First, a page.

This week’s Media7 show was the third we’ve done from the annual conference of the Screen Production and Development Association and, for reasons which ought to be obvious, the most newsworthy.
There was an address by the Minister of Broadcasting, Jonathan Coleman, who subsequently joined me for an interview on Media7. As I noted in the introduction to the programme, if you were waiting for the grand plan for public broadcasting … you’re still waiting.
The minister did advance the view that there should be a split between TVNZ’s commercial and public service activities, with the public service broadcasting component probably resting with TVNZ 7. He also pointedly referred to the total $230 million the taxpayer spends on public broadcasting annually, and acknowledged that any new initiatives would rely on a reallocation of that funding rather than new money.
But the issue that loomed over the whole conference was, of course, the Hobbit dispute. I chaired the opening conference session, ‘What really happened with The Hobbit: the producers’ perspective’ -- which was excerpted here on the New Zealand Herald website -- and then a Media7 panel featuring actor Peter Elliott, producer Richard Fletcher, writer Peter Cox, and employment law specialist Daniel Erickson.
I think the whole, fraught issue got to a pretty good place by the end of the conference, and that everyone recognised that this sort of destructive family feud couldn’t be allowed to happen again. Having had some practice at listening to each other over the two days, the respective parties will, I trust, make a habit of it henceforth. There will be a hui to that end.
A word of praise for Hugh Sundae and the Herald video team, who turned up when it mattered (not everyone who wrote about the conference did that, frankly) and took the event seriously. See also, the text of Brent Impey’s John O’Shea Memorial Address (note that NZ On Air CEO Jane Wrightson has popped in there to correct Brent’s homework). Brent is also interviewed on Media7.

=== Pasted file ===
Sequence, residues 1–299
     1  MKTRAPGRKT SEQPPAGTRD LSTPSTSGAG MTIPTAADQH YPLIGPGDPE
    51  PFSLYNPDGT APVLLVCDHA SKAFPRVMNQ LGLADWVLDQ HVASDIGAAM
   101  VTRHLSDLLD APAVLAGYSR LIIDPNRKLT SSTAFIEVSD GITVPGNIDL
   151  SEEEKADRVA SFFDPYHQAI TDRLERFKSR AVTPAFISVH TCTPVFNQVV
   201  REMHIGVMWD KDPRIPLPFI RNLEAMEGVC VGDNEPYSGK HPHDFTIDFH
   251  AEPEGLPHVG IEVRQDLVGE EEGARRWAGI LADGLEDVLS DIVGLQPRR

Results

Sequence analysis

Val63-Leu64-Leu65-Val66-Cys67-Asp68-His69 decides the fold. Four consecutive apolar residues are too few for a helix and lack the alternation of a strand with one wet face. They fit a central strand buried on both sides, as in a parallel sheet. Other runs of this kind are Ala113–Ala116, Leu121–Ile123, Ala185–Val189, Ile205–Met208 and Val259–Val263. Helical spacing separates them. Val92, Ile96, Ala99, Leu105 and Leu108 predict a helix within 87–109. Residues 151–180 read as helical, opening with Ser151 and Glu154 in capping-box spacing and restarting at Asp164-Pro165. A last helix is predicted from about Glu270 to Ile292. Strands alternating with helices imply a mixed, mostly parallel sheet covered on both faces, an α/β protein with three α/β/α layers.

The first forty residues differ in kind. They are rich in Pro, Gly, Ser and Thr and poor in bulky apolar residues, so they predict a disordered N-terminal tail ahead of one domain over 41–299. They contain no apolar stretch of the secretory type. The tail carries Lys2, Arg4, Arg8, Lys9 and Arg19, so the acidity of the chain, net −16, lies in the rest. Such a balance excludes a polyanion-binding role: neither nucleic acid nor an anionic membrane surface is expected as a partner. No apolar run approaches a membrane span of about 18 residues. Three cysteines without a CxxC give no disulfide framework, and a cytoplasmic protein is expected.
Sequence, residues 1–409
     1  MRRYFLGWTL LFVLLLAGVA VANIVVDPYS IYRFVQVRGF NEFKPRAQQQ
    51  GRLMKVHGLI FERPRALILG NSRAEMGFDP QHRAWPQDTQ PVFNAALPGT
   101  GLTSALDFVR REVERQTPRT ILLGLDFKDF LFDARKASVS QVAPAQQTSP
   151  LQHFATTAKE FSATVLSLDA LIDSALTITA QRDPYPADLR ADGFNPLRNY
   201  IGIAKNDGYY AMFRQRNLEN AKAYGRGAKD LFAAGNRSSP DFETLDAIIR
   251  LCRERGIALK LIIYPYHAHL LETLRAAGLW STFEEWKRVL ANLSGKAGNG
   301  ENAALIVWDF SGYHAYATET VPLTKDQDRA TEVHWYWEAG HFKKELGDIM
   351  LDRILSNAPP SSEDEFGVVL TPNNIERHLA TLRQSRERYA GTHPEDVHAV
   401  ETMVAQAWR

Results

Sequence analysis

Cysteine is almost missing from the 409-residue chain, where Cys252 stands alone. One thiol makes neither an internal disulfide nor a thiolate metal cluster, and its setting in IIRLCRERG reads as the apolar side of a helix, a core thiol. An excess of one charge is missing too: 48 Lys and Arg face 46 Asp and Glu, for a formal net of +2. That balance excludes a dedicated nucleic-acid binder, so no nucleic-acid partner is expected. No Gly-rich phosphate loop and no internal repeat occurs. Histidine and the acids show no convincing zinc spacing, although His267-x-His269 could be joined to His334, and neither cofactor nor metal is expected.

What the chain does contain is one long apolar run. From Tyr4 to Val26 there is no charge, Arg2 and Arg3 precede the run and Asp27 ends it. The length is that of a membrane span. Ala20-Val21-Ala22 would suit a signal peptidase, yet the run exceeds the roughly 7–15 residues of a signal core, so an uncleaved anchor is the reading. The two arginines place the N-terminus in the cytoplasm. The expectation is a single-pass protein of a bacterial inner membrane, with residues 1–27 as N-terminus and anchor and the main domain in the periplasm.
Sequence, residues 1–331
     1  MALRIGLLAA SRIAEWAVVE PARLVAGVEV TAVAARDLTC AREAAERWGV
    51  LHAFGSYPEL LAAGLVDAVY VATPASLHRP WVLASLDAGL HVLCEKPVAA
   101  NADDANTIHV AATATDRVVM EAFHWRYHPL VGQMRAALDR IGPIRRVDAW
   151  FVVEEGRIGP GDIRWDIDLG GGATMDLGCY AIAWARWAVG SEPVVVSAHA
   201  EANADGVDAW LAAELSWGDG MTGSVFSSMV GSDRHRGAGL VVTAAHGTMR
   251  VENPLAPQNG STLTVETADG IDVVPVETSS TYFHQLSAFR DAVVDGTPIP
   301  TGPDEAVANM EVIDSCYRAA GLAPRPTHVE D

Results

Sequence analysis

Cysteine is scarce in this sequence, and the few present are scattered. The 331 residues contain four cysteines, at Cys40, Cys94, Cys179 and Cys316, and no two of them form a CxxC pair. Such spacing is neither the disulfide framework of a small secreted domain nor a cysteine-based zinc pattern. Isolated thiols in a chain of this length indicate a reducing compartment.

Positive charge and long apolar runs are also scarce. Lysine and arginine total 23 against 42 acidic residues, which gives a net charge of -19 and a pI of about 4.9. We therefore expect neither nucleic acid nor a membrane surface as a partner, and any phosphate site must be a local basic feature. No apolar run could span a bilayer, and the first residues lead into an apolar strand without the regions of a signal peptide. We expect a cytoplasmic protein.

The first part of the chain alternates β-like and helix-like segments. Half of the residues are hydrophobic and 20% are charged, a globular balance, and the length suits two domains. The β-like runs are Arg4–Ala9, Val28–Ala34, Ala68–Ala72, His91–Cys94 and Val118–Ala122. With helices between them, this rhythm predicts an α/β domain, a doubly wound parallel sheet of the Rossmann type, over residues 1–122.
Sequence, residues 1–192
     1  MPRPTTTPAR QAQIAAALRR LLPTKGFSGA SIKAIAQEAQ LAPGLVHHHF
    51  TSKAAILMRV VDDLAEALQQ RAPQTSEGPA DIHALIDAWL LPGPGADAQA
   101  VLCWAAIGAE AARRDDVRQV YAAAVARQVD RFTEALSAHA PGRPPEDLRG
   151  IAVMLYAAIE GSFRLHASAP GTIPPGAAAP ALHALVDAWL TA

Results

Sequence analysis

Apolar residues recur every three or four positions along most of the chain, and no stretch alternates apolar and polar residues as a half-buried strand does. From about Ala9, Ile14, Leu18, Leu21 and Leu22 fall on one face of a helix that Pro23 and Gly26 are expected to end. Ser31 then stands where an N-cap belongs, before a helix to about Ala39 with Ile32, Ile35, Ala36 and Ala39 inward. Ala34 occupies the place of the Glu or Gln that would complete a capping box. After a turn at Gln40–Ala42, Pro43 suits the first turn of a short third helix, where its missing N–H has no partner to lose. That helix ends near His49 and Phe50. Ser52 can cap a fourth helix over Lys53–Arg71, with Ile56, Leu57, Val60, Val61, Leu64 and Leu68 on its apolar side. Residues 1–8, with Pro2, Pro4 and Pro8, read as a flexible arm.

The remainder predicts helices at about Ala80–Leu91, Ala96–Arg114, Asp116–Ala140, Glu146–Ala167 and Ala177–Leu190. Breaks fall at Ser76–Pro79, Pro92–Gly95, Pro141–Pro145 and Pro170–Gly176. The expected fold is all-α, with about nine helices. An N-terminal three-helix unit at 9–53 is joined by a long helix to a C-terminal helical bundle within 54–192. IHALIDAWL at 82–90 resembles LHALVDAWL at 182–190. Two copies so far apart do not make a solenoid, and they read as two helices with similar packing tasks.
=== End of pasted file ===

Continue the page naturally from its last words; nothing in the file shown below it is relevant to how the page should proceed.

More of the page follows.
And, again, you can watch the Media7 special on demand here.
If you were at the Orcon Great Blend this year, and you chanced into the Taj Mahal room, you’ll have seen Grayson Gilmour playing. In addition to being a live performance, the show was also a video shoot for the song ‘Humble Punk Rock’. And this, uploaded to NZ On Screen this week, is the rather lovely result:
As the NZ On Screen notes tell it:
This was created as part of the 2010 creative collaborations edition of the Orcon Great Blend. The fanciful clip is a suitable match for the moody minimalism of the track. Planned and shot in a day it achieves an eerily cohesive finish, belying the fact director Jesse Taylor Smith hadn’t heard the song prior to filming, and Gilmour was in the dark as to shooting plans. The ‘actors’ were crowd-sourced and harassed into hair and make-up; from there the footage was developed, the song was 'properly' recorded and all the pieces thrown into place – UFOs included.
Like I said, lovely. Thanks to NZ On Screen and Flying Nun --- and most particularly to Grayson and Jesse, who are fine young men who must make their mothers proud.
Also added to NZ On Screen this week: some classic TV commercials, including the BASF ‘Dear John’ ad, shot in a Wellington quarry:
Earlier in the week, I invited readers to contribution fan fiction based on The Trons, the robot band from Hamilton. The entries were not many, but they were bloody good. But not everyone can be a winner, so, after careful deliberation, I have chosen those by Robyn Gallagher and Karen White. Ladies, click the little email icon at the bottom of this post and let me know where to send your Trons CD and DVD.
A quick heads-up with respect to the Gang of Four show being advertised hereabouts for next February at the Powerstation. It should be a cracker, and the promoter is a nice guy.
Woot! The new LEDs CD has arrived! It's a double gatefold CD comprising an album called Glass Comforts and an EP called Goodbye to the light. I gather the making of it was a bit fraught, and they managed to misplace their drummer by the end of it. But Blair, Helen and Marcus are back on the job and will have some more new recordings early next year.
For now, they've kindly agreed to a little MP3 gift for Public Address readers. Just right-click (or control-click with a one-button mouse on a Mac) to download a 320k MP3 of 'All Gone' from the new album. You can find out more on the LEDs' MySpace.
And some more music from Christchurch, with a singer from Iceland. It's been out for nine months, but I found myself singing along to it yesterday and thought I should tell you about it. I'd say it was my favourite Ace of Base cover, but it's really the only Ace of Base cover of which I am aware:
Note that the little downwards arrow in the Soundcloud player is a download button. Yes, all for you.